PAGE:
One of the most memorable monuments to lost love is also one of the 7 Wonders of the World. The Mausoleum at Halicarnassus once stood in the modern day city of Bodrum, Turkey. This white marble monument stood 140 feet tall, overlooking what was once a glorious empire.
In the year 377 BC, Halicarnassus was the capitol of a large empire. When Mausolus inherited the kingdom from his father, he was quick to extend the territory. He ruled alongside his wife, Artemisia, who was also his sister. This was a common practice during his time. They two were wed for 24 years and when the king died, his queen was heartbroken. Artemisia continued to rule the kingdom after his passing. Around 350 BC, Artemisia announced plans to create a beautiful tomb for her husband. It was to be the Mausoleum at Halicarnassus.
The location Artemisia chose for her husband’s tomb was on top of a hill. She wanted the monument to look over the kingdom her husband had fought so hard to conquer. The queen recruited Greek architects and artists, including Satyros, Pythius, Bryaxis and Timotheus. The burial site was enclosed with large walls and included a regal courtyard with an opulent staircase made of stone. Stone lions, gods and goddesses adorn the outer wall while the tomb itself is made out of marble.
At the time the tomb was built, this type of ornamentation was not typical. Locals had never seen such an expression of love before. The large stone lions guarded the stairs leading up to the tomb, providing an ominous and intimidating atmosphere. The builders used 36 columns to hold up the immense roof of the structure.
Of the many decorations adorning the mausoleum, one stood out among the rest. One of the artists included a statue of Artemisia and Mausolus riding in a chariot, carried by four horses. It was a special dedication to the couple. Unfortunately, these decorations no longer exist today. They have been destroyed, lost forever.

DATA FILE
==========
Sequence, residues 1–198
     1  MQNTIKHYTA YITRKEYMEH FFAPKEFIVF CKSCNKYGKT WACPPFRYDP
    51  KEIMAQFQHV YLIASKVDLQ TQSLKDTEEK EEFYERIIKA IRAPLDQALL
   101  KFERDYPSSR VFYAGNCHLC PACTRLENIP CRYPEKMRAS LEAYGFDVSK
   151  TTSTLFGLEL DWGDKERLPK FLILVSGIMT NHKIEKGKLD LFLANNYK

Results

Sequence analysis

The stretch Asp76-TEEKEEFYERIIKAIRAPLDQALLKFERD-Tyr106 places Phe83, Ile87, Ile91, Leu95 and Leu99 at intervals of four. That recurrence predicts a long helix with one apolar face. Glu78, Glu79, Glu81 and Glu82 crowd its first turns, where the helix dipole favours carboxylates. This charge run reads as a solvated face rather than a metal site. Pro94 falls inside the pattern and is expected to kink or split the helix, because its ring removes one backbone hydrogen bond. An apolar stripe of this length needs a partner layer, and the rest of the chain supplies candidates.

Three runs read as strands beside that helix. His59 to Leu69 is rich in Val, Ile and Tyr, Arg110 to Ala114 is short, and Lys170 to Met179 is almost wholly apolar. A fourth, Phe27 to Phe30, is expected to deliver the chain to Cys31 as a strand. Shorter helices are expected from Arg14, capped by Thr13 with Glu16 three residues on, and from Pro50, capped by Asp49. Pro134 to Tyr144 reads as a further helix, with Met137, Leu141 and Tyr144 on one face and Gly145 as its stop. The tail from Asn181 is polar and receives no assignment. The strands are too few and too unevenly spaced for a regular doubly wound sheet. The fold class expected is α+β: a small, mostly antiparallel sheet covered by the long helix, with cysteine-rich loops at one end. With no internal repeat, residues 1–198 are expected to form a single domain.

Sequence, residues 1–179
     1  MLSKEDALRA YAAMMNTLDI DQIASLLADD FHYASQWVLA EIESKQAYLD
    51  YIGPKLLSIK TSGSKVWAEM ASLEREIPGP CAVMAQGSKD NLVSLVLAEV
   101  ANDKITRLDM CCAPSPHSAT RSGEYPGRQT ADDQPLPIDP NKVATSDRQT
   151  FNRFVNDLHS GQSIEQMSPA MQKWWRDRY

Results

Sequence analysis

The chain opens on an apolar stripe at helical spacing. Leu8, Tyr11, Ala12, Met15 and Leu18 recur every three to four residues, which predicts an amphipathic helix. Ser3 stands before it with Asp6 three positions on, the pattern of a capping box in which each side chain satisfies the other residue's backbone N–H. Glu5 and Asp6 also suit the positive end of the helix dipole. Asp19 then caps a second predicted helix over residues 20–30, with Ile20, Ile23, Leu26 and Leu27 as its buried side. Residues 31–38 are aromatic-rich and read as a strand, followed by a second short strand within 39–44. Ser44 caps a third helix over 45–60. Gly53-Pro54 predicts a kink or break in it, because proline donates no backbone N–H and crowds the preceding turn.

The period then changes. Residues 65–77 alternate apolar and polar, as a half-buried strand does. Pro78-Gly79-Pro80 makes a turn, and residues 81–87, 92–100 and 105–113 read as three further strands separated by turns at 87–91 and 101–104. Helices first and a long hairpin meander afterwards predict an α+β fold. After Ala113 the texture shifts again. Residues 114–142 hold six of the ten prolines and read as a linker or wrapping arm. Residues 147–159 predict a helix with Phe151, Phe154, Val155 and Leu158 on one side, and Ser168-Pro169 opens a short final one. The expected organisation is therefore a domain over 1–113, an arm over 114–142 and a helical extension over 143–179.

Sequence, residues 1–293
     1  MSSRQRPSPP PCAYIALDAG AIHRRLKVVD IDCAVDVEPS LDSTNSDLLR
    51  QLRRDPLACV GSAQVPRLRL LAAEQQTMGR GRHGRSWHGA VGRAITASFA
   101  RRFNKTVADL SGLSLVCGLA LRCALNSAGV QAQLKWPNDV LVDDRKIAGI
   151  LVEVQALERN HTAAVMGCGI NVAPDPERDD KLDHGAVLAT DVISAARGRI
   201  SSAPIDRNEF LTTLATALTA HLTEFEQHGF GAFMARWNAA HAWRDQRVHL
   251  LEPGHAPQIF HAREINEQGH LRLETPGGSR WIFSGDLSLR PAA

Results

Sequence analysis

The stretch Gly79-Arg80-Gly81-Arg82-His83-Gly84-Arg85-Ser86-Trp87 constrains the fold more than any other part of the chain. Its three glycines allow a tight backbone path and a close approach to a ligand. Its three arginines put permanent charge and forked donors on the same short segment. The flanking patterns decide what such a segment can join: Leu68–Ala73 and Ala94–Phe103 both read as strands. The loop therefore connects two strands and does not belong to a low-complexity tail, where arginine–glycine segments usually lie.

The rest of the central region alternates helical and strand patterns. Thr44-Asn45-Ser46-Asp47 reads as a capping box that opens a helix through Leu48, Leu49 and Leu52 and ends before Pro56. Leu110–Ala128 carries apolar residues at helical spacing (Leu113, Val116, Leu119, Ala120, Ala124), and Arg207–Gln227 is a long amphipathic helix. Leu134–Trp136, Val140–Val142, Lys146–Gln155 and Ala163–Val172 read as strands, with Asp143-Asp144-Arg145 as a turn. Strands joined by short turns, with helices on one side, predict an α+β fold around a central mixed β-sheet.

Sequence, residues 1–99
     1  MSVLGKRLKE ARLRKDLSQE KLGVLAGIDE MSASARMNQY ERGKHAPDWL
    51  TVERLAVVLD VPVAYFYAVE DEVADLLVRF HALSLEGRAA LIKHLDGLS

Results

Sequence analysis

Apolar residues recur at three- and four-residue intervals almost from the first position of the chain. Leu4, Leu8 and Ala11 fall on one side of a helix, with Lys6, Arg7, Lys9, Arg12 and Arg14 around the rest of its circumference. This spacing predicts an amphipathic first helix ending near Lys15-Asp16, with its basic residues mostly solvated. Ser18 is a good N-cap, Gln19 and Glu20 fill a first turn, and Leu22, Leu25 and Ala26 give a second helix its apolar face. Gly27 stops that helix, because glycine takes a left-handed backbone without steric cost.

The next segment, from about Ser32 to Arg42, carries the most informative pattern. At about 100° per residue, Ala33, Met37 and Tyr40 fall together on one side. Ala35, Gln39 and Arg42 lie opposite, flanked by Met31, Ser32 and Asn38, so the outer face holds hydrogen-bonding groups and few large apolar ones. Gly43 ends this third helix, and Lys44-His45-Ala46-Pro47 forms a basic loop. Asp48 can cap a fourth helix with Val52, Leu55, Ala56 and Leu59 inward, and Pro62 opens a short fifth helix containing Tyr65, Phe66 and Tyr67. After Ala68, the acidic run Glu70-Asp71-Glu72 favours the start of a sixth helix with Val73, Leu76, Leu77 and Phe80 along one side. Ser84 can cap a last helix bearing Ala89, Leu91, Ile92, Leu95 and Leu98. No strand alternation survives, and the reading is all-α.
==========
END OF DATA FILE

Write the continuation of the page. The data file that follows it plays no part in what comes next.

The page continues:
Artemisia died just two years after her husband did, leaving behind a beautiful reminder of her love and admiration. The tomb was not finished at the time of her passing. Fortunately, the builders and artists she hired continued to work on it in her absence. Her remains were placed in an urn and she was buried next to her husband.
The mausoleum met its unfortunate demise in 1522 AD. It had survived an earthquake, Alexander the Great’s overtaking and two separate pirate raids, but Crusaders finally demolished it. The Crusaders also took the remains of both Mausolus and Artemisia.
Some suggest that perhaps Mausolus began working on this temple before he died hoping it would be a wonderful tribute. There is no real evidence suggesting that this is the case, though many historians believe it is a possibility.
The main reason this mausoleum was chosen as one of the original Wonders of the World because of it s aesthetics. At the time it was built, no other monument was so ornate or grand.
The Mausoleum at Halicarnassus remains one of the original 7 Wonders of the World. Although it no longer stands on that majestic hill, it certainly carries a legacy. It is the source of the word ‘mausoleum,’ now used to talk about any above-ground tomb.